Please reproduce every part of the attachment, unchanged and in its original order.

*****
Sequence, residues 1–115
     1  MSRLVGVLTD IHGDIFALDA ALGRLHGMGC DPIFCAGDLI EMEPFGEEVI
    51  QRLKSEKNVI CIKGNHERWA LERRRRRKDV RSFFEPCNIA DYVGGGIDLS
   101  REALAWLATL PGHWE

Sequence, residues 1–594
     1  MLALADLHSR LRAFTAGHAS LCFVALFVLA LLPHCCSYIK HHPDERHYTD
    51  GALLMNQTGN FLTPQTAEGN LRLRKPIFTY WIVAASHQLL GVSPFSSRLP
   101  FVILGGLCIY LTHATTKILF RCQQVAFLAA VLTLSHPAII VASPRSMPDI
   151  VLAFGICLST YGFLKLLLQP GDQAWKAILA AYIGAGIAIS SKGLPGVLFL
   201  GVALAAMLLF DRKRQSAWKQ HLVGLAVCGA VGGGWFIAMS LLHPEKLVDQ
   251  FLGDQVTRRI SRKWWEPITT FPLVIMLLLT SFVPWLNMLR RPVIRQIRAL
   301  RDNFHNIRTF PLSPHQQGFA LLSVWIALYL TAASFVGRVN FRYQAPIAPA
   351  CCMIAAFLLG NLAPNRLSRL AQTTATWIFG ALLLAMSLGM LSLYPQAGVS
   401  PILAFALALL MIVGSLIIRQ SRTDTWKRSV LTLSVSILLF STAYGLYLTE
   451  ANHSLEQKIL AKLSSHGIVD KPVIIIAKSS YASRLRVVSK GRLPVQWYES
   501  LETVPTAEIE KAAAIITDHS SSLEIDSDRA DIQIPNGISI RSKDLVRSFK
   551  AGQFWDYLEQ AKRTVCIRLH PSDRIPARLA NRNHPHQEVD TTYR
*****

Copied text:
Sequence, residues 1–115
     1  MSRLVGVLTD IHGDIFALDA ALGRLHGMGC DPIFCAGDLI EMEPFGEEVI
    51  QRLKSEKNVI CIKGNHERWA LERRRRRKDV RSFFEPCNIA DYVGGGIDLS
   101  REALAWLATL PGHWE

Sequence, residues 1–594
     1  MLALADLHSR LRAFTAGHAS LCFVALFVLA LLPHCCSYIK HHPDERHYTD
    51  GALLMNQTGN FLTPQTAEGN LRLRKPIFTY WIVAASHQLL GVSPFSSRLP
   101  FVILGGLCIY LTHATTKILF RCQQVAFLAA VLTLSHPAII VASPRSMPDI
   151  VLAFGICLST YGFLKLLLQP GDQAWKAILA AYIGAGIAIS SKGLPGVLFL
   201  GVALAAMLLF DRKRQSAWKQ HLVGLAVCGA VGGGWFIAMS LLHPEKLVDQ
   251  FLGDQVTRRI SRKWWEPITT FPLVIMLLLT SFVPWLNMLR RPVIRQIRAL
   301  RDNFHNIRTF PLSPHQQGFA LLSVWIALYL TAASFVGRVN FRYQAPIAPA
   351  CCMIAAFLLG NLAPNRLSRL AQTTATWIFG ALLLAMSLGM LSLYPQAGVS
   401  PILAFALALL MIVGSLIIRQ SRTDTWKRSV LTLSVSILLF STAYGLYLTE
   451  ANHSLEQKIL AKLSSHGIVD KPVIIIAKSS YASRLRVVSK GRLPVQWYES
   501  LETVPTAEIE KAAAIITDHS SSLEIDSDRA DIQIPNGISI RSKDLVRSFK
   551  AGQFWDYLEQ AKRTVCIRLH PSDRIPARLA NRNHPHQEVD TTYR